|Doherty, Ryan||(630) 617-2453||English Department Chair|
Summer Reading Reminder...
Happy May, Dukes. It's hard to believe that the 2015-16 school year is just about to end. As we wrap up the year, I just wanted to take a moment to remind everyone of the summer reading expectations for the fall. I know that your teachers have or will be talking to you about the summer reading at the end of the year, but after a long summer, May will seem like a lifetime ago; therefore, I wanted to share a screencast that I created last year for our incoming freshman: the summer reading expectations are the same for all of our students. Enjoy those last, relaxing days of summer...and if you need a reminder about your book choices, they are shown below. Go Dukes.
Summer Reading 2016
English Department 2014-15
English Department Philosophy
Anton Chekhov is credited with saying, “Don’t tell me the moon is shining; show me the glint of light on broken glass.” Although more than a century old, this sentiment echoes the inquiry-based philosophy that is the foundation of all English coursework at York Community High School. This philosophy promotes engagement in individual and group inquiry and builds knowledge through reading, writing, discussion, and debate. Our inquiry-based approach challenges students with engaging questions, and students communicate their evolving understanding of the inquiry through increasingly sophisticated written and oral arguments.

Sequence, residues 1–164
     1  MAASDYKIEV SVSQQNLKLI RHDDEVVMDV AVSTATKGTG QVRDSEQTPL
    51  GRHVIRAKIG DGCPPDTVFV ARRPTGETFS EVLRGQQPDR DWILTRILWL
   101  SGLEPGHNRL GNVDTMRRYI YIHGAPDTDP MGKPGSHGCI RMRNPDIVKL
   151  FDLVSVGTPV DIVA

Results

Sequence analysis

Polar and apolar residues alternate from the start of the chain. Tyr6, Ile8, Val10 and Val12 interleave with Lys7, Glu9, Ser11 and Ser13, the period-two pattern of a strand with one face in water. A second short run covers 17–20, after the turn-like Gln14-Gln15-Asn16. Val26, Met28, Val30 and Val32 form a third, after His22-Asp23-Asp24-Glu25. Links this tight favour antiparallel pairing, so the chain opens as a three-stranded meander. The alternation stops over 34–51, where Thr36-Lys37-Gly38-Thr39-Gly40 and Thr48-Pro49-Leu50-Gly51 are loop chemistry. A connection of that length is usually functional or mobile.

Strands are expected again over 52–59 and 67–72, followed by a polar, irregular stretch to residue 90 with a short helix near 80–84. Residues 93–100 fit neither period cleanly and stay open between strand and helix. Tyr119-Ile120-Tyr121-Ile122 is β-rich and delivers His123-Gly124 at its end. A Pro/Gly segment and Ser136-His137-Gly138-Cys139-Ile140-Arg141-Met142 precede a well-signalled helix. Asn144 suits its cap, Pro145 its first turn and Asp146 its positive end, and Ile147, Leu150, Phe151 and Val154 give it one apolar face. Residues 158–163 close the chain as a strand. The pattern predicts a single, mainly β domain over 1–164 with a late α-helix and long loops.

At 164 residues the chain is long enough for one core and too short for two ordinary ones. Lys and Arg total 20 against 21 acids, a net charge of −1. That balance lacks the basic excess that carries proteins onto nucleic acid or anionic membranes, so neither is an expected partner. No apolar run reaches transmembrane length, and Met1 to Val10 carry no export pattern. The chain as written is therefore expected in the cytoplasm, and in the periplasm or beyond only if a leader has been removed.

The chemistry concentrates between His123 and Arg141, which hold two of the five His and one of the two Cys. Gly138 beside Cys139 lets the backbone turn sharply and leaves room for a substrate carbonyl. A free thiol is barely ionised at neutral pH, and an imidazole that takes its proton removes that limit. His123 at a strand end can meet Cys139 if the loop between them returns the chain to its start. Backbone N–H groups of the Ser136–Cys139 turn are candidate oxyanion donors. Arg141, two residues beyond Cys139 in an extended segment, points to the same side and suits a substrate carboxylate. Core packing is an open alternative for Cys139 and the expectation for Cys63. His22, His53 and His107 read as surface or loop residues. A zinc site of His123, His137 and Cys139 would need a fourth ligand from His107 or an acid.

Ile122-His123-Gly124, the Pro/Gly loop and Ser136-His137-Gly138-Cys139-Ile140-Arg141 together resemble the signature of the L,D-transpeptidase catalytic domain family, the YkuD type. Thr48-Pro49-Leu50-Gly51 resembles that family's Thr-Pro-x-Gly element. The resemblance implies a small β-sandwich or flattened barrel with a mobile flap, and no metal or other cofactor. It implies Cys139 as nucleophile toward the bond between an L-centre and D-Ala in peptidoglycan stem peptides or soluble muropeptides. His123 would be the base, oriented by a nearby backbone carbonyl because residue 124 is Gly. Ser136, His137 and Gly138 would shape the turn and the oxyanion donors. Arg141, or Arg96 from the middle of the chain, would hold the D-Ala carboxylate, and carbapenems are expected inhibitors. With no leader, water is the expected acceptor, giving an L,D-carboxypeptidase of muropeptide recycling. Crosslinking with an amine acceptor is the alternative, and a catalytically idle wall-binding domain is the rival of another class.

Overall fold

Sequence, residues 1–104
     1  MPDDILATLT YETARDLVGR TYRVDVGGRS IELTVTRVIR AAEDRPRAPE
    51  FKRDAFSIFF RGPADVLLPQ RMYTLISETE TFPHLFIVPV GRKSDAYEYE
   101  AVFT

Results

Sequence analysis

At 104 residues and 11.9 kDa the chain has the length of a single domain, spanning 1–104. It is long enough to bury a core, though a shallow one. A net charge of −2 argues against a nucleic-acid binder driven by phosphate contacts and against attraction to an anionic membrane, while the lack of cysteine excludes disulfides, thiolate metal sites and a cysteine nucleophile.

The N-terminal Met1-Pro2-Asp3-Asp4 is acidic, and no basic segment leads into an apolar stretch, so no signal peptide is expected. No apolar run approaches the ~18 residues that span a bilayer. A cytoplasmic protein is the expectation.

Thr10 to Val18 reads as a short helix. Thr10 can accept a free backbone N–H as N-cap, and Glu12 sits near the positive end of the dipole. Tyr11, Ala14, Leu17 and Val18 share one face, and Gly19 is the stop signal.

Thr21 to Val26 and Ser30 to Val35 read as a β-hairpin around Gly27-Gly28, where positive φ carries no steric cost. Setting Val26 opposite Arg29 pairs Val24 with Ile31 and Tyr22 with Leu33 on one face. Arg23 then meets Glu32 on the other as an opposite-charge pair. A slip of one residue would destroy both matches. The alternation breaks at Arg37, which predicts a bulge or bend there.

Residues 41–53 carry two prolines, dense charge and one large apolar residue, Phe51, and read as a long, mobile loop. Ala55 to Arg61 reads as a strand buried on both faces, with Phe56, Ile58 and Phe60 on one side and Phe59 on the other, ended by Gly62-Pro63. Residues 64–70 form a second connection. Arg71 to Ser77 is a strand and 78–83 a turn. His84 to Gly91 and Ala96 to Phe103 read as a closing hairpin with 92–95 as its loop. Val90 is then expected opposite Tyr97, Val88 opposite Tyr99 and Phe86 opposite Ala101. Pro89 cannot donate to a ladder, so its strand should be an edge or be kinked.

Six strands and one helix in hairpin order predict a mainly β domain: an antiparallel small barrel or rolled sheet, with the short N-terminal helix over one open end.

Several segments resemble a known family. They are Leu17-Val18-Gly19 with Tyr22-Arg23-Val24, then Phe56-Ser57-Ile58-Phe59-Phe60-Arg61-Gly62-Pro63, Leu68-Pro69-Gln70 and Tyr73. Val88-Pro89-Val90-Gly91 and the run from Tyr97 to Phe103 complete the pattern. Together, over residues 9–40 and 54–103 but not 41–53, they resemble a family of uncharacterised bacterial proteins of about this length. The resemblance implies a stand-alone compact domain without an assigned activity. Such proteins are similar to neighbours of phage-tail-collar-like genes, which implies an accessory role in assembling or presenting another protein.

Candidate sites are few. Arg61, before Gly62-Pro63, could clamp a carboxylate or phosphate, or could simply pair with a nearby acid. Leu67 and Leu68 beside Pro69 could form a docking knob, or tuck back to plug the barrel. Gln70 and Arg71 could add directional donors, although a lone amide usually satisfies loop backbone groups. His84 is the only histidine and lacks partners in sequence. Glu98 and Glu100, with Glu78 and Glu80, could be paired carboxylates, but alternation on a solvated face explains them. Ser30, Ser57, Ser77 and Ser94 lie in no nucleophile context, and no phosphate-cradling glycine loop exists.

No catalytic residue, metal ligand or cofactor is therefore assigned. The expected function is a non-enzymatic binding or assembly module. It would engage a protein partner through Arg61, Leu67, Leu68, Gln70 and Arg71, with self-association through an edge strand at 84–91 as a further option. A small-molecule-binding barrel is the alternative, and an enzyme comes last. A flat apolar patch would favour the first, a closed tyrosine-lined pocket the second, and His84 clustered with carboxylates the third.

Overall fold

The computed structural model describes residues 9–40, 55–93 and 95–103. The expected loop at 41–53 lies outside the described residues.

These inquiry questions provide the lens through which students develop literacy skills such as argumentation or analysis of an author’s bias or intent. The ultimate goal for student learning is the development of clearly established skills of reading, writing, speaking, and listening, skills that will become crucial as they pursue post-secondary education and careers. It is our intention to offer college preparatory courses that challenge and inspire. Ultimately, a student’s four years as a Duke offer the opportunity to discover “the moon” through inquiry and inspire enlightenment through “broken glass.”